FRONTLINE Close to Home on WXXI-TV

FRONTLINE Close to Home on WXXI-TV

Tue, 03/23/2010 - 9:00pm

Pictured: Deborah Boles cuts Emma Nelson’s hair.

Credit: Claire Holt

FRONTLINE chronicles the impact of the recession on one unlikely American neighborhood.

Producer Ofra Bikel chronicles how the middle class is faring in this recession through the stories of the people whom she’s come to know at the hair salon she’s frequented for the past 20 years. The film reveals the struggles of a small business owner to stay afloat, her sister’s risk of imminent foreclosure on her Florida home and the various clients whose lives intersect at this New York City salon — from well-to-do bankers to struggling actors, each with a story to tell about how they’re getting by in these turbulent times.

FRONTLINE “Close to Home airs Tuesday, March 23 at 9 p.m. on WXXI-TV (DT21.1/cable 1011 and 11).

As the U.S. unemployment rate hits a 25-year high and the Dow Jones Industrial Average hits a six-year low, award-winning FRONTLINE producer Ofra Bikel (“The Hugo Chávez Show,” “The Case for Innocence”) chronicles the recession’s impact on one unlikely American neighborhood — New York’s Upper East Side.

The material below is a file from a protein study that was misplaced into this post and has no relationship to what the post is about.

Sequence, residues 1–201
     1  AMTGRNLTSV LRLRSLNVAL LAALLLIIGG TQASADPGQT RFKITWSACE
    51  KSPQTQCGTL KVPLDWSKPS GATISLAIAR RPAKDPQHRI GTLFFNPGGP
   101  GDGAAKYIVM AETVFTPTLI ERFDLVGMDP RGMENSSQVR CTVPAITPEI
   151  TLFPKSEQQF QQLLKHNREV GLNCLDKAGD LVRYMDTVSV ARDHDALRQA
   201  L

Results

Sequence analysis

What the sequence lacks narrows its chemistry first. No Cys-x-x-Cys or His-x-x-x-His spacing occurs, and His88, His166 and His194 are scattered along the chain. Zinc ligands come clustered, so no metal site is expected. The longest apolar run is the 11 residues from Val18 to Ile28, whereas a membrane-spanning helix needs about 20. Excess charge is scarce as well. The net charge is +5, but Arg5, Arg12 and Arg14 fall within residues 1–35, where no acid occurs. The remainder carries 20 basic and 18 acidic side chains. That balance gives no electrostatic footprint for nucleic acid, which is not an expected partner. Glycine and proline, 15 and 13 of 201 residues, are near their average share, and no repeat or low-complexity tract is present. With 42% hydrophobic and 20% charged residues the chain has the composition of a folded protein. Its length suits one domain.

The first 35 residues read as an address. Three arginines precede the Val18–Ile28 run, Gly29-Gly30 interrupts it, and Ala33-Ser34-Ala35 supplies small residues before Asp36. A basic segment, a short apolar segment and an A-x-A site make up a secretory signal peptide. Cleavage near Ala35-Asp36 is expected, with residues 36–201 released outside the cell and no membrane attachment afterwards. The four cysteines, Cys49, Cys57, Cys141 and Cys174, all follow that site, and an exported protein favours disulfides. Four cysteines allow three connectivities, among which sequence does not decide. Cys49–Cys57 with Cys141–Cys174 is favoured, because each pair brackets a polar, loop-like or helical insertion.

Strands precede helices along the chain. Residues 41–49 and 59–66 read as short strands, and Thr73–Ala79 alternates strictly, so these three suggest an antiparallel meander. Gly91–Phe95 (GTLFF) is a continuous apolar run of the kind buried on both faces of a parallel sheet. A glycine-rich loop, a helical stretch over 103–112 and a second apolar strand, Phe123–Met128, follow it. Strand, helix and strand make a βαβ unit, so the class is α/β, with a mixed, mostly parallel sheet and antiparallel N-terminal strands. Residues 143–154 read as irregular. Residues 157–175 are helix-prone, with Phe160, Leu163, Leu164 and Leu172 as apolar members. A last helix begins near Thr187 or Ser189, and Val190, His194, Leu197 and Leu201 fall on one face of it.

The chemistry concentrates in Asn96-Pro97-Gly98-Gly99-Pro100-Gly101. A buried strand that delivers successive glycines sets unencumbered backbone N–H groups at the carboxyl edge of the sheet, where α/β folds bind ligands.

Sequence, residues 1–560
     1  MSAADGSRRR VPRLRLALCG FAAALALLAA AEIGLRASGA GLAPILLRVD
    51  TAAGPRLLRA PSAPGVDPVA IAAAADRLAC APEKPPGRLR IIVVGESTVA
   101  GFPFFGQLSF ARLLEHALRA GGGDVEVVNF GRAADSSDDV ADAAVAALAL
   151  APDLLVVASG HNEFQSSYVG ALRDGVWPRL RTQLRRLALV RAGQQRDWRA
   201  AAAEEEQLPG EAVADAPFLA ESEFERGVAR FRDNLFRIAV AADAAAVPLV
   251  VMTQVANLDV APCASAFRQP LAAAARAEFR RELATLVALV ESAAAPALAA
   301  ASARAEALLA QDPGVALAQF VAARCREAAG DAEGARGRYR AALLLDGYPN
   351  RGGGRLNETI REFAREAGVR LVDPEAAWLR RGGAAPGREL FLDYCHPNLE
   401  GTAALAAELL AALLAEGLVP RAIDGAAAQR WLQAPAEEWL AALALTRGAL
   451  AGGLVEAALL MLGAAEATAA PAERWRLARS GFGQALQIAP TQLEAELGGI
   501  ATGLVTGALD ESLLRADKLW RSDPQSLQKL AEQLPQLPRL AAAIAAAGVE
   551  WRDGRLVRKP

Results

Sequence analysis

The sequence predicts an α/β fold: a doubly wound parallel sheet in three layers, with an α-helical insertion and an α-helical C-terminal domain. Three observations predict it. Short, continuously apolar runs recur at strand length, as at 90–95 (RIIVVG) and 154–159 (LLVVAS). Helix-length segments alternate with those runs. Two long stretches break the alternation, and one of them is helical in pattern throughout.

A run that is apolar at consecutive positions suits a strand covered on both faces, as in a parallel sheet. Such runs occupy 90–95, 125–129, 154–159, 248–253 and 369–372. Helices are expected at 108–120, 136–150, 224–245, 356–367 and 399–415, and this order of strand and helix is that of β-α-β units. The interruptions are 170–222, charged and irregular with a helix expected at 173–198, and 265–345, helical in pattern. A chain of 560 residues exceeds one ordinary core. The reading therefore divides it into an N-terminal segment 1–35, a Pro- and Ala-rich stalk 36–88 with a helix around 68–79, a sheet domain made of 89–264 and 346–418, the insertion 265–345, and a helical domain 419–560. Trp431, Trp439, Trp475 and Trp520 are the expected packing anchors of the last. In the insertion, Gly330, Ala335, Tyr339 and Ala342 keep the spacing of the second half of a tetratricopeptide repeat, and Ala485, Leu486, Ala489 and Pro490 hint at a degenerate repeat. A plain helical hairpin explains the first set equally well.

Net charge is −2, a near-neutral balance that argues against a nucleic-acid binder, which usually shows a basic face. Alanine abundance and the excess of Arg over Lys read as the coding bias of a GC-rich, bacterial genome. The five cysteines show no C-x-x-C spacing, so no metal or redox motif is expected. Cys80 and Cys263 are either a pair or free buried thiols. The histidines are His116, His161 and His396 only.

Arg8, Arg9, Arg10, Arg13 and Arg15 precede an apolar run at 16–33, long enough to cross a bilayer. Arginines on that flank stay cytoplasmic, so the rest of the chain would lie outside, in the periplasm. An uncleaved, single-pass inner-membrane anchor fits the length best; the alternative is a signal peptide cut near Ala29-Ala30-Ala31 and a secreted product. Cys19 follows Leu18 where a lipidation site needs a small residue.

Bikel decides to set up her cameras in the hair salon she’s patronized for 20 years. It’s an intimate space where she has come to know well the surprisingly diverse clientele — from athletic trainers and housewives to high-end bankers, actors and opera singers. Despite expectations that this neighborhood is a secure bastion of privilege, these days, when clients get in the chair, they offer a window into a country in recession: Some are broke, others don’t have a plan and they’re all looking to commiserate.

Deborah Boles, the owner and sole hairdresser at Deborah Hair Designs, started the business in 1985. “I wanted a place where people can go and they can feel comfortable,” she says. “They know they belong here.” But it’s all on the line with the current downturn — clients come less often; some skip coloring or skip the trim — and as Boles watches neighboring businesses go under, she wonders how long she can survive.

Barbara, Deborah’s sister, helps out at the salon, but she has been struggling with her own economic crisis. After buying a home in Florida at the height of the market, she now has a subprime mortgage that she can no longer afford. Unable to pay the exorbitant interest, she has had to take in four tenants, each with their own stories of foreclosure and unemployment.

Since 1983, FRONTLINE has served as PBS' flagship public affairs series. FRONTLINE's stature is reaffirmed each week through incisive documentaries covering the scope and complexity of the human experience.